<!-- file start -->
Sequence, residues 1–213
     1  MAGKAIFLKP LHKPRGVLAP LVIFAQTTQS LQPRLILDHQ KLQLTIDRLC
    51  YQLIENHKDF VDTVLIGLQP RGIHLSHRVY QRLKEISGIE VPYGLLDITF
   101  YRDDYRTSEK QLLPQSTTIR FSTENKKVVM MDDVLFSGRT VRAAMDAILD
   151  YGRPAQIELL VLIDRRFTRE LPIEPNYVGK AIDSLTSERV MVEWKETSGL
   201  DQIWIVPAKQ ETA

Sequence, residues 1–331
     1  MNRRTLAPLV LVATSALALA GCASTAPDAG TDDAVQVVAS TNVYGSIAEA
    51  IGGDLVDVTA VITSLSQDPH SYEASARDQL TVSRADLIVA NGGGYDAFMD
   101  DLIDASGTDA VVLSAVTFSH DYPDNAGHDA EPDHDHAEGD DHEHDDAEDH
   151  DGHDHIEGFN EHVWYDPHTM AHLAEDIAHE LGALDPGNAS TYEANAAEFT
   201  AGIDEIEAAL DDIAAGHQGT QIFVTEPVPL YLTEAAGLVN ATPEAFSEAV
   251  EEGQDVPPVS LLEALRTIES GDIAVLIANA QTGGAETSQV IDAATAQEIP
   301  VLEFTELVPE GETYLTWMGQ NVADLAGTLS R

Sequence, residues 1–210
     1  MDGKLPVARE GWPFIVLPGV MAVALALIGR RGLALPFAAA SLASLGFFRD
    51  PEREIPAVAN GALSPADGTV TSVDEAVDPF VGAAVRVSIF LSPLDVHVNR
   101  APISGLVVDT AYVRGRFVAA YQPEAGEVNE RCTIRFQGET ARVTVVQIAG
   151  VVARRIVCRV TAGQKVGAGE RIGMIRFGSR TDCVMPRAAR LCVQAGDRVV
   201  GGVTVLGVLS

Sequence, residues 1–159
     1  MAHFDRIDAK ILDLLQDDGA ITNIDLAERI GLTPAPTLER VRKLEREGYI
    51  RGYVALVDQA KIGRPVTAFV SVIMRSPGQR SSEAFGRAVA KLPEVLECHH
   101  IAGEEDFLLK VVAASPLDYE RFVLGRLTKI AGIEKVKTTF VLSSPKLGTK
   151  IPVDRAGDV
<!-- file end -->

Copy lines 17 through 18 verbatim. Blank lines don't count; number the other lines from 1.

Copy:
    51  PEREIPAVAN GALSPADGTV TSVDEAVDPF VGAAVRVSIF LSPLDVHVNR
   101  APISGLVVDT AYVRGRFVAA YQPEAGEVNE RCTIRFQGET ARVTVVQIAG